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Senate panel accepts Redmer nomination
Isabel flood victims sought to block insurance chief; Senate vote likely Friday
Originally published February 10, 2004
Despite protests by victims of Tropical Storm Isabel, a Maryland Senate committee voted unanimously last night to accept the nomination of Alfred W. Redmer Jr. as state insurance commissioner.
The senators on the Executive Nominations Committee questioned Redmer for more than an hour about his stance that federal law prevents him from taking aggressive action on consumers' behalf in flood insurance complaints. Although many of the senators accepted Redmer's explanation of his interpretation of the law, some took him to task for not being a more visible and forceful advocate for flood victims.
"I think that's legal gobbledygook," Senate President Thomas V. Mike Miller said of Redmer's explanation. "I think it's a wake-up call. ... We've got 300 people without their houses right now. We don't have a people's counsel for the insurance industry, and we need somebody to stand up and fight for them."
Redmer's confirmation hearing was held a week after his predecessor, Steven B. Larsen, released a report concluding that Redmer should hold flood insurance providers to the same standards as companies selling homeowner or auto insurance.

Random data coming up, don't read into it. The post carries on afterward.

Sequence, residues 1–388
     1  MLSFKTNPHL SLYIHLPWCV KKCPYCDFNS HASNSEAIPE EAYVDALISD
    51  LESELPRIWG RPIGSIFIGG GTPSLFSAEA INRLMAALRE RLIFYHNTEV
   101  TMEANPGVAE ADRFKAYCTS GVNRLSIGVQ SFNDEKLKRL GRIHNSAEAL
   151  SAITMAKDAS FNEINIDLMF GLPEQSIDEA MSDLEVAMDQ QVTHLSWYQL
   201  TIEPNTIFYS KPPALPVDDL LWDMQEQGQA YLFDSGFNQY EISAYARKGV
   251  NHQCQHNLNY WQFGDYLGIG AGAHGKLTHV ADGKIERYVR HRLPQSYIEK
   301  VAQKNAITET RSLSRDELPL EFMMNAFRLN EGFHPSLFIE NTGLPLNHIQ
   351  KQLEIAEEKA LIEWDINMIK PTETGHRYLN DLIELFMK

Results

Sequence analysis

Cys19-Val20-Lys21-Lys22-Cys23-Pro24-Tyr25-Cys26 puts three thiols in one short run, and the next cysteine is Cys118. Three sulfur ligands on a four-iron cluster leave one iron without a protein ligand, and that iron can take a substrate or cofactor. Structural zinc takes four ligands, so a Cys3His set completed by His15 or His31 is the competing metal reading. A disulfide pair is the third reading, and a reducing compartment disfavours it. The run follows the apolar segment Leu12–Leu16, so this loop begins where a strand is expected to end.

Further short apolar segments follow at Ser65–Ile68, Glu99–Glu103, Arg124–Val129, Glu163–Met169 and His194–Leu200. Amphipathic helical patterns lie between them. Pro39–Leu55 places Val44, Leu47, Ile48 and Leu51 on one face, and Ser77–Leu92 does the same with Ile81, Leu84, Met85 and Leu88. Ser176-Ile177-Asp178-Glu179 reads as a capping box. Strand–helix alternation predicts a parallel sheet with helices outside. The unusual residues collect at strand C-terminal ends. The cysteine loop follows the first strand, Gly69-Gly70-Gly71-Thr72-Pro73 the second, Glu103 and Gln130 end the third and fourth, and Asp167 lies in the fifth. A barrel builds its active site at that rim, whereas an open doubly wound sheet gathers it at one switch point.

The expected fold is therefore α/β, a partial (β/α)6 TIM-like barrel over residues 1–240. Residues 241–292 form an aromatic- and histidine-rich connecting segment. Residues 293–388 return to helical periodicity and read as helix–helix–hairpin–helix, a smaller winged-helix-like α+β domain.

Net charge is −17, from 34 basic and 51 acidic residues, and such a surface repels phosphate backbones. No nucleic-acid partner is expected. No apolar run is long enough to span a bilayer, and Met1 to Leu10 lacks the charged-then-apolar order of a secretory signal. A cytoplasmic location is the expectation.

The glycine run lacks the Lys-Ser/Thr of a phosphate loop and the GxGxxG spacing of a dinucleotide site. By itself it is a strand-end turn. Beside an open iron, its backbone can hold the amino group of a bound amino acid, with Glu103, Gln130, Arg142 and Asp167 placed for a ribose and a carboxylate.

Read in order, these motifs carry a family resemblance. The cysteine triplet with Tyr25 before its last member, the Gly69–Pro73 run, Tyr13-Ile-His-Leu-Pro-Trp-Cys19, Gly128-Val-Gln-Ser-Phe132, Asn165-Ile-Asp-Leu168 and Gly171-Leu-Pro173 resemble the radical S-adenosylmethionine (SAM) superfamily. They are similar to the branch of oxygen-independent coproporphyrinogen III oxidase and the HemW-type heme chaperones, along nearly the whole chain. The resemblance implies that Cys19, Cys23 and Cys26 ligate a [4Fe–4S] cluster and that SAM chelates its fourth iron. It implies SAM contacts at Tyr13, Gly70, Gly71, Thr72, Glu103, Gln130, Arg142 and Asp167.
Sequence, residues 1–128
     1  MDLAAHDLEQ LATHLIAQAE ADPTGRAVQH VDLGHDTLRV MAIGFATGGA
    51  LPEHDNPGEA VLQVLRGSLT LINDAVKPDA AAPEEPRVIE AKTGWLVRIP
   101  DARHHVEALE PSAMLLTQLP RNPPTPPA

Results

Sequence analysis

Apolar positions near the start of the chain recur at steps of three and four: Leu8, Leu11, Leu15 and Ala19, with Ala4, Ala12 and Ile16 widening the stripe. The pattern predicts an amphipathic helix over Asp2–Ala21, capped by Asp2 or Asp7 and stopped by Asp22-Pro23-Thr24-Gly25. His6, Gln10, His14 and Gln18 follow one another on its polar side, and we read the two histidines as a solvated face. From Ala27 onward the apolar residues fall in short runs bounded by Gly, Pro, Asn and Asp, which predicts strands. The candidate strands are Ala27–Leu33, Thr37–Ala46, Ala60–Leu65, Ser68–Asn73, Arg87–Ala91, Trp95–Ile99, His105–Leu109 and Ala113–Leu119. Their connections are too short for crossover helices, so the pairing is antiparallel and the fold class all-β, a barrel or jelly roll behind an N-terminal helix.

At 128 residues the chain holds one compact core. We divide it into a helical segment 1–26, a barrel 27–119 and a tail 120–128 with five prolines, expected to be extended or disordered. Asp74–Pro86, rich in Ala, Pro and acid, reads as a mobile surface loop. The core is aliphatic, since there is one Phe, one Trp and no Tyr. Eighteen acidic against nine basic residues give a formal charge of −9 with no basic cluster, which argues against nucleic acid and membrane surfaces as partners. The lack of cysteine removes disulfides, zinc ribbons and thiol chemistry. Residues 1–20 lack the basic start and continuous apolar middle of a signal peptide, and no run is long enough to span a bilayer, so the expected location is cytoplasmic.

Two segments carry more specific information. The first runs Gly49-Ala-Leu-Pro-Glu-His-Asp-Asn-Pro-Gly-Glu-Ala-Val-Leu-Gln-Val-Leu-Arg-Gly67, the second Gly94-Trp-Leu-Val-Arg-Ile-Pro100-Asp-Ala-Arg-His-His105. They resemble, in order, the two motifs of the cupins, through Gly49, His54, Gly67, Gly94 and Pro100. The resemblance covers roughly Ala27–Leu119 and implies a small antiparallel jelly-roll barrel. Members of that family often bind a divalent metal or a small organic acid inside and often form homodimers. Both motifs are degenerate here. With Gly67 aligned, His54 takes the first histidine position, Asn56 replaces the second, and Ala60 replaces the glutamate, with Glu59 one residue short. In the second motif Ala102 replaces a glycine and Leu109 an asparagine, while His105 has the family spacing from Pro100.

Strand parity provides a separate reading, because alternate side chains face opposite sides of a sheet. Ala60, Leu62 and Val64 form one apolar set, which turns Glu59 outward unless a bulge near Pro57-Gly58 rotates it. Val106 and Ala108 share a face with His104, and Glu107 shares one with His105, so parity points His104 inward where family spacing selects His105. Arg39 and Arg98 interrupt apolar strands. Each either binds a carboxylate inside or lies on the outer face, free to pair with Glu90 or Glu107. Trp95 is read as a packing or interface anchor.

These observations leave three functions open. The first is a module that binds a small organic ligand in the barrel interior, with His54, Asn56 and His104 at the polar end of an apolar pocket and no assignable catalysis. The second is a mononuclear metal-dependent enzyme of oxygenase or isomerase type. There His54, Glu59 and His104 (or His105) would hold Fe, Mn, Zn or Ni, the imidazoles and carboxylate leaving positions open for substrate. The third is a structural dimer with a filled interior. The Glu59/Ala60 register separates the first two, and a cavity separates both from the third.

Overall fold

Frustrated by Redmer's response, more than 60 Isabel victims gathered Sunday in eastern Baltimore County, and called on the Senate to delay confirmation until he took more aggressive action.
Accompanied by Kathleen A. Birrane, the assistant attorney general assigned to the Maryland Insurance Administration, Redmer provided his most detailed explanation yet for the limitations he sees on his role.
Birrane said she researched extensively to determine whether Redmer had the right to hold companies selling flood insurance to state standards and concluded that if he attempted to punish them, the companies would sue and Redmer would lose.
Amid questioning from the senators about the Larsen report, which came to the opposite conclusion, Birrane said the study cited cases that were not germane because they did not involve action taken by a state insurance commissioner. It also did not take into account the most recent federal regulatory changes for flood insurance.
Redmer said his agency has assisted more than 1,300 Isabel victims and acted as an advocate for consumers with flood insurance problems. Many of those who need help have never contacted the Maryland Insurance Administration, he said.
"If we were guilty of anything, it was poor [public relations] in not letting every Maryland citizen know what we were doing on their behalf," Redmer said.
Bernice Myer, the Millers Island resident who organized Sunday's protest, testified before the committee that the reason so many people have not enlisted Redmer's aid is that he has said repeatedly in public forums and in the media that he does not have jurisdiction over flood insurance. She said the victims of the storm need the commissioner to take the insurance companies to task.
"Are these companies accountable to anyone, be it state government, local government or federal government, or can they just continue to rake people over the coals?" she said. "I don't know who can help, and I don't know how they can help, but I just hope they do."
The full Senate is scheduled to vote on the Redmer's confirmation Friday.
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